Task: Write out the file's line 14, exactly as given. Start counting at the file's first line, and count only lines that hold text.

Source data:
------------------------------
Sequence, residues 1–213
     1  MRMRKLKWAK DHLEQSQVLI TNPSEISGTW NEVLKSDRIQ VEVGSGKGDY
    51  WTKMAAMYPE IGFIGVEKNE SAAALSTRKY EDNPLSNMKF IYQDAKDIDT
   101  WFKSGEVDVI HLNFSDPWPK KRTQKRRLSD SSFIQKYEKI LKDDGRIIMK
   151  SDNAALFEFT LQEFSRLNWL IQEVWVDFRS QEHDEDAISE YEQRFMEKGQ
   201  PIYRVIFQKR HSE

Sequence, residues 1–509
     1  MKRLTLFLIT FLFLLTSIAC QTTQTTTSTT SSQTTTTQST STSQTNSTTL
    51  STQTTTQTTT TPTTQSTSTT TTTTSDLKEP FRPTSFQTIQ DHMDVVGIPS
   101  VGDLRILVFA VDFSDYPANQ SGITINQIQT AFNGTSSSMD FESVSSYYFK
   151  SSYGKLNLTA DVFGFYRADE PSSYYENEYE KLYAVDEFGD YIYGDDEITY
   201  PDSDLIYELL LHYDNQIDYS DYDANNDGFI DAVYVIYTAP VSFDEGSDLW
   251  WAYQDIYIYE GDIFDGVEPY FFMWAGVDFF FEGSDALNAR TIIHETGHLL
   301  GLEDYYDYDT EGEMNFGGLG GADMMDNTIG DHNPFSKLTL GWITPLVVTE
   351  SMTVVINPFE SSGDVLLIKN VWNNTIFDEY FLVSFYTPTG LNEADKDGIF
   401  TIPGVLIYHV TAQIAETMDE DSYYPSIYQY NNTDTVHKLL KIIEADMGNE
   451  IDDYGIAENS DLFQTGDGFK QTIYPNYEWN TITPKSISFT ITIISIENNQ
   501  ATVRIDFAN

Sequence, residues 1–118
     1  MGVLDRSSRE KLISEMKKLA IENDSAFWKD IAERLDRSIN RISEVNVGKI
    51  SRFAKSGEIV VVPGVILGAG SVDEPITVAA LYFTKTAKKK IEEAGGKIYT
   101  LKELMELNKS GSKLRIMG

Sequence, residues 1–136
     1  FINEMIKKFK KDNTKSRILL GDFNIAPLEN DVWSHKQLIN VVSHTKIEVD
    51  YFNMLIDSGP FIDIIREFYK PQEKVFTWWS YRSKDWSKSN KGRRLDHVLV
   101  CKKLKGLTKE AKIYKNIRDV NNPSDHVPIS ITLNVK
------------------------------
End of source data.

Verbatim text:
   301  GLEDYYDYDT EGEMNFGGLG GADMMDNTIG DHNPFSKLTL GWITPLVVTE